In spite of somber economic indicators, Americans are feeling more optimistic about the future and Obama's presidency.  A Bloomberg Poll conducted June 15-18 revealed that 45 percent of those surveyed felt they were better off now than when Obama was inaugurated in 2009. Thirty-six percent felt they were worse off.
The poll results may reflect exhaustion with the constant barrage of negativity about the economy rather than significant improvement. Twenty-seven percent of those polled stated they were taking previously postponed trips in 2012. In March 2011, only 20 percent of respondents admitted taking such trips. Twenty-eight percent reported their income was greater than one year ago, compared to 22 percent who reported less income.
49 percent preferred Obama’s overall economic leadership over Romney’s anticipated policies, while 33 percent of respondents favored Romney. This is a seven percent improvement for Obama since March. 51 percent expressed support for Obama’s plan to boost infrastructure and green energy spending compared to 43 percent who prefer cutting the deficit as the path to economic stability and growth.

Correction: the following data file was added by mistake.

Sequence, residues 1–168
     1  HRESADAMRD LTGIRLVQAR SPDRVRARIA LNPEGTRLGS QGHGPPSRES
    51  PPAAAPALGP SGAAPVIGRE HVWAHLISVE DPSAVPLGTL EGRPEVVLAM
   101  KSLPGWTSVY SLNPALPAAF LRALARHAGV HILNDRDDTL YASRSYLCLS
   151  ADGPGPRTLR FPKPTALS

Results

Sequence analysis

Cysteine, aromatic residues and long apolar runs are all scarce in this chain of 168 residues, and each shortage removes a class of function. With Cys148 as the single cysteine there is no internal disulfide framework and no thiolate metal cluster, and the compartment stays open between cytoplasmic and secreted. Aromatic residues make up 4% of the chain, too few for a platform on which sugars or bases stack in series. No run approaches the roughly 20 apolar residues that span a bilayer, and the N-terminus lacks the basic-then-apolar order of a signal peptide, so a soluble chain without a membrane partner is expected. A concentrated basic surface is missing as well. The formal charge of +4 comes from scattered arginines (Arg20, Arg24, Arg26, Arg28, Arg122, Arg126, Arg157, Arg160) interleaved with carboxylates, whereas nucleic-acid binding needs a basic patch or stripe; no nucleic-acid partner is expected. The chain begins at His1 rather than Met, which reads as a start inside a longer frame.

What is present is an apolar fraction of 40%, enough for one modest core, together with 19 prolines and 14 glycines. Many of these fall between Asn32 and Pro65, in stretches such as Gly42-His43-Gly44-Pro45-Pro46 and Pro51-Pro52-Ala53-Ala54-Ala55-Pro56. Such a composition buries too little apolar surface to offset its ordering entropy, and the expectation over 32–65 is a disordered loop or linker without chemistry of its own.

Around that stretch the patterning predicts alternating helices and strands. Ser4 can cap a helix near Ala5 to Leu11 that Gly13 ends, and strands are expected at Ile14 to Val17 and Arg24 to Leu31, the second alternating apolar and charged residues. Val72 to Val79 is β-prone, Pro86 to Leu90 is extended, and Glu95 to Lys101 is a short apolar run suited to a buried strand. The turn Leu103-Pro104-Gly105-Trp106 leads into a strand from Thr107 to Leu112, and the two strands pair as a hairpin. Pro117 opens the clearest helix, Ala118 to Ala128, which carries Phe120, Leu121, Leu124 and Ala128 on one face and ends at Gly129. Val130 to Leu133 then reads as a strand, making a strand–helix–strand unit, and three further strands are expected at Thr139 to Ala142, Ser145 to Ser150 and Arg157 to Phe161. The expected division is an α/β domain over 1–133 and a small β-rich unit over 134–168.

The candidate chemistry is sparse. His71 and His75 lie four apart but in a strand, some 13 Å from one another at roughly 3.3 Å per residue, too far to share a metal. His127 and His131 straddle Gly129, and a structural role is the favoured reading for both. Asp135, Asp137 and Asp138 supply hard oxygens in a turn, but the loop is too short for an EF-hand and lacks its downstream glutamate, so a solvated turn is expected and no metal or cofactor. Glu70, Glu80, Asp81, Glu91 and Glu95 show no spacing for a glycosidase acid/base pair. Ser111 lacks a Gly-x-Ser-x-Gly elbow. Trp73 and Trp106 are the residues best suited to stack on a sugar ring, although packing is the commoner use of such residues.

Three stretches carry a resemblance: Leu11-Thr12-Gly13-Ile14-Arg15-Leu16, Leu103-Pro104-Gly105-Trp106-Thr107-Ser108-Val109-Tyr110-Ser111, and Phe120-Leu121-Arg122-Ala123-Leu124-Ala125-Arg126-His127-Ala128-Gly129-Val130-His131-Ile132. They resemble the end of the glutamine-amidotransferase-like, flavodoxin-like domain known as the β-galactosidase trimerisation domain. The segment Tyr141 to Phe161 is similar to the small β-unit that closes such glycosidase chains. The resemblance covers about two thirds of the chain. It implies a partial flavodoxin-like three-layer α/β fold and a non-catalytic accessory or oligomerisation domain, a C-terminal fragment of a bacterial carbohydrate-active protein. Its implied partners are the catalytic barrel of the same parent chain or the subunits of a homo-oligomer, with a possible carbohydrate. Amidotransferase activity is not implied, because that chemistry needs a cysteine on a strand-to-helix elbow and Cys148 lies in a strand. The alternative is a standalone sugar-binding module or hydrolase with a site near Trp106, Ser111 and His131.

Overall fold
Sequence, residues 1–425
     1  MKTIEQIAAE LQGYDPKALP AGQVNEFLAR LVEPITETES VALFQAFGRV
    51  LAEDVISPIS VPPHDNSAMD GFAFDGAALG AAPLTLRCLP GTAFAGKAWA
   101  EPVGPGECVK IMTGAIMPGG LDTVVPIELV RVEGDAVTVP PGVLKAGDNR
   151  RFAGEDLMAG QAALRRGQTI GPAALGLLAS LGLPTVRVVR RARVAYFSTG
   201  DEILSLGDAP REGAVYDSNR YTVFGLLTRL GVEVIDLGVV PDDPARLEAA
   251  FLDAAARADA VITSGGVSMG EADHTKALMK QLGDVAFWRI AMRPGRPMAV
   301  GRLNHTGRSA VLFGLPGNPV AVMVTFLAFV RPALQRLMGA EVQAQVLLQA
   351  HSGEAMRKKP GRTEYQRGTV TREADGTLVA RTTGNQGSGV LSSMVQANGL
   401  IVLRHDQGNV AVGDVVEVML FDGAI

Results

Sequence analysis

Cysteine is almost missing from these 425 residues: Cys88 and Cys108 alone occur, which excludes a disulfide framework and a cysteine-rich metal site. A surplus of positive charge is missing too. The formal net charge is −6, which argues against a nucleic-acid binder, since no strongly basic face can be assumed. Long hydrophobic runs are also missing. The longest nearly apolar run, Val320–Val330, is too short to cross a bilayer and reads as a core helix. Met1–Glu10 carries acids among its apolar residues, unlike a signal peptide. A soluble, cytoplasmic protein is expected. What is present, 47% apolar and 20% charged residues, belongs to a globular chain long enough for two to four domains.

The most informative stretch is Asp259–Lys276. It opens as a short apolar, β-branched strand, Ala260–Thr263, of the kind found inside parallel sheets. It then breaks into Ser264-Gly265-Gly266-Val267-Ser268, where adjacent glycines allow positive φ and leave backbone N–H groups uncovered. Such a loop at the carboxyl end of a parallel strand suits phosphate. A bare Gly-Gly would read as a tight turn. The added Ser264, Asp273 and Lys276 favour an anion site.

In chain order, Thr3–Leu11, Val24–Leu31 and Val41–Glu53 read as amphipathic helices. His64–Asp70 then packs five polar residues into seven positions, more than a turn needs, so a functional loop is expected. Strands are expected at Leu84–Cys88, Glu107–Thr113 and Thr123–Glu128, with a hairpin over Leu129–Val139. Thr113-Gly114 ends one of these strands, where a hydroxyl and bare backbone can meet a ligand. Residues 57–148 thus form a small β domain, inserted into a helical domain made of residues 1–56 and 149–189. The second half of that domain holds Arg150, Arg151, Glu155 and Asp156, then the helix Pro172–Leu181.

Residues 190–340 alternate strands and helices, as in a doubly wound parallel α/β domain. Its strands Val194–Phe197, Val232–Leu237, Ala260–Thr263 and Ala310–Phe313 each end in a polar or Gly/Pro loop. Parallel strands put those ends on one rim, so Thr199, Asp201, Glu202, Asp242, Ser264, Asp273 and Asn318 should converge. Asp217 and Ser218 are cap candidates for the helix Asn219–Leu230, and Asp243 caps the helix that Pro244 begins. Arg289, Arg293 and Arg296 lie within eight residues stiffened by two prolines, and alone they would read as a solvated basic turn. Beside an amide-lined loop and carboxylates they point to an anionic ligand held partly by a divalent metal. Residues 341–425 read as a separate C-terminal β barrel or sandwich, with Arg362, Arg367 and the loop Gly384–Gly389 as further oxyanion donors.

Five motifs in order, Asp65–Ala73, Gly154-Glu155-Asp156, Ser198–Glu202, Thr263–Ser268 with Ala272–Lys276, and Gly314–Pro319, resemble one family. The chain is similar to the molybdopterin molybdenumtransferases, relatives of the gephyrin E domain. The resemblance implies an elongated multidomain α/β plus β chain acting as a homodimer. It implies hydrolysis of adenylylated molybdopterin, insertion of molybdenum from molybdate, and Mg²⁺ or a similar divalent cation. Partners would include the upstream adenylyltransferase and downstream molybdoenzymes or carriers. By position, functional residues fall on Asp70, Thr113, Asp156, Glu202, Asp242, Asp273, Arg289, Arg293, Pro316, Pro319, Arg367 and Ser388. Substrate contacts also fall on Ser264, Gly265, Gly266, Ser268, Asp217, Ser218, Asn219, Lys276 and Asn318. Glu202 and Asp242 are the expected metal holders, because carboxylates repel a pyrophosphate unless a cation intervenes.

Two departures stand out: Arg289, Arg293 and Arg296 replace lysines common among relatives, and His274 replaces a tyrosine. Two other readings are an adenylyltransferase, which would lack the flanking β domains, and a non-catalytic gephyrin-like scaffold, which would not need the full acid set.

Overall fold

The improved outlook comes in spite of data that does not particularly support such optimism. Goldman Sachs and Morgan Stanley both cut their forecasted growth estimates .2 and .3 percent, respectively. Standard & Poor's reported a one percent drop in their 500 Index since March. Other economic indicators also point to a lethargic economy. First-time unemployment claims, retail sales, factory output and consumer confidence all signal a downward economic trend.
In some cases, the sense of optimism is tempered with wariness. Forty-five percent of respondents expect the next generation to have lower standards of living compared to 28 percent who anticipate a higher standard. Even this number shows a 10 percent improvement from a year ago when 55 percent expected a drop in standards.
Read more at Business Week.